Special Warfare Boat Operators (SB) from Special Boat Team 20 (SBT-20) reached a milestone on March 28 when they successfully completed the 100th and 101st insertion of the Maritime Craft Aerial Deployment System (MCADS) off the coast of North Carolina
Serving as a true force multiplier, the MCADS capability enables Naval Special Warfare Sailors to rapidly deploy anywhere in the world in a maritime environment.
The system deploys an 11-meter RIB (rigid inflatable boat) rigged with four large parachutes from the back of a C-130 or C-17 at approximately 3,500-feet.
Approximately four Special Warfare Combatant-craft Crewmen (SWCC) immediately follow the boat out of the plane and parachute to the immediate proximity of where the boat lands. Within 20 minutes the SWCCs have the boat unpacked and rigged to get underway to deliver an element of SOF (special operation force) operators to any potential target of interest, or to conduct their own mission.
SBT-20 Command Master Chief Richard Evans pointed
out that this capability didn’t just miraculously evolve.
“This capability is a direct result of countless hours of hard work and commitment from several Sailors in the command’s Air Operations department over the past decade," Evans said. "In particular, the Air Department head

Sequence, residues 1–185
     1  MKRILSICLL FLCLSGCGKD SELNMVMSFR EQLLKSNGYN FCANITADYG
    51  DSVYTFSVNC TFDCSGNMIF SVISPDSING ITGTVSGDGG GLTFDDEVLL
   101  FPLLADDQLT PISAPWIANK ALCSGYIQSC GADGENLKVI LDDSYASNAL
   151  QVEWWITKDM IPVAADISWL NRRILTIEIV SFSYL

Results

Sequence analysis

, (Chief Parachute Rigger
) Steve Perry
, the MCADS Program Manager for SBT-20, Shane Hollar
, and all the members of the Air Department, have been the backbone for the success of the program for the past several years.”
Although the MCADS capability hasn’t been operationally required yet, ensuring the proficiency of the SBs and reliability of the equipment is essential for regional combatant commanders to know it’s ready when needed.
Following the MCADS drops, Marines from near-by units practiced their water insertion techniques from a Marine CH-46. The SBT-20 boats immediately recovered the Marines and continued on with scheduled joint exercises in the area.
As U.S. Special Operations Command
(SOCOM) celebrates its 20th anniversary, this capability demonstrates how the various service component special operations force elements continue to evolve in their interoperability.
SBT-20’s Commanding Officer, Cmdr
. Kent Paro
, cites this as a great example of the qualities essential to Naval Special Warfare Sailors being successful.
“The experience of conducting an evolution as dynamic as an MCADS drop and having the mental agility to put that behind you, refocus, link-up with sister-service operators and conduct a SOF mission
is invaluable," said Paro. "Time and again it’s the professionalism, focused dedication, and intellect that enables our NSW Sailors to succeed every day on the battlefield and while conducting operations around the world.”
By Naval Special Warfare East Public Affairs